Setting the tone of other signed jewels are two stunning mystery set brooches by Van Cleef & Arpels: the quintessential ruby and diamond ‘Deux Fleurs’, which is the cover lot (estimate: £80,000-120,000), and a sapphire and diamond ‘Campanule’ (estimate: £70,000-100,000). An unusual jewel encrusted elephant bangle with sliding covers by Boivin (estimate: £8,000-12,000) and selection of multi-coloured jewels by Marina B and Bvlgari are among the other temptations.
A reaction to the industrial age that preceded it, the Art Nouveau movement captured the atmosphere and passion of the fin de siècle, and the moral and artistic freedom that characterised the period between the early 1890s and around 1910. Jewellery was one of the purest and most successful expressions of the new aesthetic and the 11 jewels offered in this sale (lot 68 - 78) epitomise the new approach. The majority of those featured were executed by the Spanish jeweller Luis Masriera (1872-1958). Having studied under the famous Lossier at the Ecole des Beaux Arts in Geneva, and greatly influenced by René Lalique and the artist Alphonse Mucha, Masriera had a meticulous eye for detail and a style which is notably classical and intimate. This is illustrated by the diamond, pearl and plique a jour enamel pendant/brooch depicting a classical maiden tipping an amphora of diamond-set ‘water’ (estimate: £8,000-10,000).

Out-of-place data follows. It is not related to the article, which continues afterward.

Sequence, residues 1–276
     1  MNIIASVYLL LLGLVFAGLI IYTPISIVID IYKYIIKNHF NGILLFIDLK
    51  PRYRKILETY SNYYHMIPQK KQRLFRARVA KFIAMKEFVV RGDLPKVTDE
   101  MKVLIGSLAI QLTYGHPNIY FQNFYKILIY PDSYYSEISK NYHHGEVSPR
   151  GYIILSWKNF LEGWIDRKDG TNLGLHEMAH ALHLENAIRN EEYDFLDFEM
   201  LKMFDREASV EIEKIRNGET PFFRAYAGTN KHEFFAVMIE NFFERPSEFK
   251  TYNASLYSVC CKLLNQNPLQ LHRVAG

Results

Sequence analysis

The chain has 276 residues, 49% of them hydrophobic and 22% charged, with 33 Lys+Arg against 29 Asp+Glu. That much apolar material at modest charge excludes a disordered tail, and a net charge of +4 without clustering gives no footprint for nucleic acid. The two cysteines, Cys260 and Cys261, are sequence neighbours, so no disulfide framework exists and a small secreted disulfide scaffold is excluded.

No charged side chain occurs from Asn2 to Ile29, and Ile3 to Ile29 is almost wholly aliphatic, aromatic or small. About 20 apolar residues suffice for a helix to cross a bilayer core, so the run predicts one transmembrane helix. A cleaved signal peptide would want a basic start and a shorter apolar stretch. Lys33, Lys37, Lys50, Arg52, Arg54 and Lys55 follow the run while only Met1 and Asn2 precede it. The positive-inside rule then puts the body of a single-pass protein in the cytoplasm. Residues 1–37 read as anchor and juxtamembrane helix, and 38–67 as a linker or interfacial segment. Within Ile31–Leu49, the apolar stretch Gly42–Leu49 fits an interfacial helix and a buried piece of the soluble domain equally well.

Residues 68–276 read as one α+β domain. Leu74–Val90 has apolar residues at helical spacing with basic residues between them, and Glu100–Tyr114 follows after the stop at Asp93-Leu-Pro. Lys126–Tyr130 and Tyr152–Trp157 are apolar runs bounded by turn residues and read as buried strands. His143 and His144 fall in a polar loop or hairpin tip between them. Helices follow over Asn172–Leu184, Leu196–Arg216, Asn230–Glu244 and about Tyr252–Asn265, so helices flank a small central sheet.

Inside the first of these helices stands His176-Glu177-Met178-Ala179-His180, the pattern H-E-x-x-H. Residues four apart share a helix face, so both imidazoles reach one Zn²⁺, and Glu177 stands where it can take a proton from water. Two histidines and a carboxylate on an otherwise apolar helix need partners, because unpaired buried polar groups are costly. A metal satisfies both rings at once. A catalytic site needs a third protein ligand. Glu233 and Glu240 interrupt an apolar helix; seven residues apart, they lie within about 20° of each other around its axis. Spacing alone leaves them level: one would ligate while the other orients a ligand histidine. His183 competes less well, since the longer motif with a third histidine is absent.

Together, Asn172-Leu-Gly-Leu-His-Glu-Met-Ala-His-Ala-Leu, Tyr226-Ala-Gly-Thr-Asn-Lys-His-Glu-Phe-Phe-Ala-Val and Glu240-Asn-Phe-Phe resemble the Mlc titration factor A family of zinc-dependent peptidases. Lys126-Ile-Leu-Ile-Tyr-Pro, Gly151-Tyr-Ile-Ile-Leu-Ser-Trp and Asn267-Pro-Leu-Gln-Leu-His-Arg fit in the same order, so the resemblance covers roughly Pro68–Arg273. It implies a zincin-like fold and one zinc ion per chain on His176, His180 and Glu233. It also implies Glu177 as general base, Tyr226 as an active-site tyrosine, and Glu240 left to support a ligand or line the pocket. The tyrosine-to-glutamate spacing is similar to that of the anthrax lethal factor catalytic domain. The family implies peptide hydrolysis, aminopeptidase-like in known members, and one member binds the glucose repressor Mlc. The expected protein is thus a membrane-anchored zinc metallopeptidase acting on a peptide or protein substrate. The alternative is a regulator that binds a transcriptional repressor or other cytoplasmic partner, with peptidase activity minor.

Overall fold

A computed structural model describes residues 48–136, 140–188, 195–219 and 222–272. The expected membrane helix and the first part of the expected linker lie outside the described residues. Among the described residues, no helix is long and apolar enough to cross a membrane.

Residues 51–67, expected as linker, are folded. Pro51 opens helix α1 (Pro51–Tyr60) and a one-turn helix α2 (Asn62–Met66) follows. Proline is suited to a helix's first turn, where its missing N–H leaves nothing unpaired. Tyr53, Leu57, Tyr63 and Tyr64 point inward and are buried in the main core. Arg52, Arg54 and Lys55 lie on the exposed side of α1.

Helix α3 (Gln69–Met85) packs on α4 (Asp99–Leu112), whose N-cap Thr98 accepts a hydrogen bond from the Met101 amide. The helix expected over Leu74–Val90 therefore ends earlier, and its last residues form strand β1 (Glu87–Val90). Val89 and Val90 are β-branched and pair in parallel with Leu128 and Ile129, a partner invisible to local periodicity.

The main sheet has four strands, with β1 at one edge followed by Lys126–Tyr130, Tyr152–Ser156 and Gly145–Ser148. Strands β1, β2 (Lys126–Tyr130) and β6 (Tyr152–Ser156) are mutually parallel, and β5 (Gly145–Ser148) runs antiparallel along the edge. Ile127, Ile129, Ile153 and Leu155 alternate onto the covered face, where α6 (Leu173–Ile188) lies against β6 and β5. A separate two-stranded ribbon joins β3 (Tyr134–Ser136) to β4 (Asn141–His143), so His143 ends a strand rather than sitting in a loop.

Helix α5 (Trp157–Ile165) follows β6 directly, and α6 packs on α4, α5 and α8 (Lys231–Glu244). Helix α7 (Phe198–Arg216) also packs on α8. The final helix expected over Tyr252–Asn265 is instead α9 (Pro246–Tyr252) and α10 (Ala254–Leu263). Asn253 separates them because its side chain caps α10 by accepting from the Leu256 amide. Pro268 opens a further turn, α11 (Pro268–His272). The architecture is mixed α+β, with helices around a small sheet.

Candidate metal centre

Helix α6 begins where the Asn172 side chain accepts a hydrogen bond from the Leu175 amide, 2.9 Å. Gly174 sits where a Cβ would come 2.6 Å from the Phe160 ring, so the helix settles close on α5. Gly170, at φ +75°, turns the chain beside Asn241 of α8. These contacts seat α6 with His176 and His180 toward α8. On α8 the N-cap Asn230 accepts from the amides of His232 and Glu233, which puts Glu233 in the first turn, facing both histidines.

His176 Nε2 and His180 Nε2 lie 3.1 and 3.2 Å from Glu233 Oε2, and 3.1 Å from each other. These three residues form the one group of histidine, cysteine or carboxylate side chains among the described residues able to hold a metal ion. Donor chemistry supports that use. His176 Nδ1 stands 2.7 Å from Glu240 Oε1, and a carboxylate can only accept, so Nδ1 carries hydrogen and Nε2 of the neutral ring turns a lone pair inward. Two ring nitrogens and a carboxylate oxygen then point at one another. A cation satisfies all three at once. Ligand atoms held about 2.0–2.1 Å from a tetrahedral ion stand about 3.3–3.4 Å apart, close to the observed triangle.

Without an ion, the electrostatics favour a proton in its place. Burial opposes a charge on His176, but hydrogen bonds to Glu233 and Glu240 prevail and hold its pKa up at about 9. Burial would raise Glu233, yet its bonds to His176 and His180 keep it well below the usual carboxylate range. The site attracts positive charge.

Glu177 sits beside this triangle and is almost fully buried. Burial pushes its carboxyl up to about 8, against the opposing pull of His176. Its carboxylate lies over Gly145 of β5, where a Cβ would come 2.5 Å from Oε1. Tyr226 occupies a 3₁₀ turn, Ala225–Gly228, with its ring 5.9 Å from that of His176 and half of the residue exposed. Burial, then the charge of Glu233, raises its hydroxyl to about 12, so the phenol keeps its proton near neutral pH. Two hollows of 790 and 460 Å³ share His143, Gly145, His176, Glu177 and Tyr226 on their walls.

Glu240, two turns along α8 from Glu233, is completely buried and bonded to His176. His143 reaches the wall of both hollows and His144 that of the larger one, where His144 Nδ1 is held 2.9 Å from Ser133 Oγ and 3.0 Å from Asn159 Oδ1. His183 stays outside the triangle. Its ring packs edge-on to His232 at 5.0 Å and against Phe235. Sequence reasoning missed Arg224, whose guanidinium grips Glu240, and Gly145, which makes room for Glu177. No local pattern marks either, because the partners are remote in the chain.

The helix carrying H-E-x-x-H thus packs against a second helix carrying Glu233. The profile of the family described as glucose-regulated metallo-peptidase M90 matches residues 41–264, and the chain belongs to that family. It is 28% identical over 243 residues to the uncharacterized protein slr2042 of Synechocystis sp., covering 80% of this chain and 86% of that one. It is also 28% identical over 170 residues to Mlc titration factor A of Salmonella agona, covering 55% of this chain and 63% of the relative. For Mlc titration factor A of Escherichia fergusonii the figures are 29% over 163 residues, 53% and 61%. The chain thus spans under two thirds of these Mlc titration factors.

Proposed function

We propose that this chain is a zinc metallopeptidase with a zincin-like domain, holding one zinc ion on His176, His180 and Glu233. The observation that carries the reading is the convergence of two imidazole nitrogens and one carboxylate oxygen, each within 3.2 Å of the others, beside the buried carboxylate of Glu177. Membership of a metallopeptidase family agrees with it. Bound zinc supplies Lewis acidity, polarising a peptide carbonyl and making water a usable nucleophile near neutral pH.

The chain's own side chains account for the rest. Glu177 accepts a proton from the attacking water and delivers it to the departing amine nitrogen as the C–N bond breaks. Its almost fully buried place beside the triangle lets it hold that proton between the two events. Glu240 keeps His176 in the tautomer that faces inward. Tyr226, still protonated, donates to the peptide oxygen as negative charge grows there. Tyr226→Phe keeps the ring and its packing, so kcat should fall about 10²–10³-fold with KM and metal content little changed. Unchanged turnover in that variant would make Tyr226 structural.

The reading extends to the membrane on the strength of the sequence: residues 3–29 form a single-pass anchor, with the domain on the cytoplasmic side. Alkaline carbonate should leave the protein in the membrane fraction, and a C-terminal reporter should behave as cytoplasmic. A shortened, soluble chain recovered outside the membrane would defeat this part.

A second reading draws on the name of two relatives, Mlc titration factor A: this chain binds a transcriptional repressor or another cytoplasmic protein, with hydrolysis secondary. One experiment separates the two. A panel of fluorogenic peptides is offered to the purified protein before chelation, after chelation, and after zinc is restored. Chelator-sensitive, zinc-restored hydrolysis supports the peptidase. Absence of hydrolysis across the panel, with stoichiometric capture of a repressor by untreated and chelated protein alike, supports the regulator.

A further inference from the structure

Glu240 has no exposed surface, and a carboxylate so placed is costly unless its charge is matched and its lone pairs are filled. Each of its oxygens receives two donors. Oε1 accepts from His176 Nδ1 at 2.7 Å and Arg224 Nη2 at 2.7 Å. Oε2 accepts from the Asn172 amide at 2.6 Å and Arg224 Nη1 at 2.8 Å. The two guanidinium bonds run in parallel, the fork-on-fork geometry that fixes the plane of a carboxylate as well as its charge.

For full information on all the lots offered in the sale please click on the link below to look at the online catalogue:
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Image available on request
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Auction: London Important Jewels, Tuesday, 29 November, 2011
Viewing: Christie’s London 24 – 28 November, 2011
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*Estimates do not include buyer’s premium. Sales totals are hammer price plus buyer’s premium and do not reflect costs, financing fees or application of buyer’s or seller’s credits.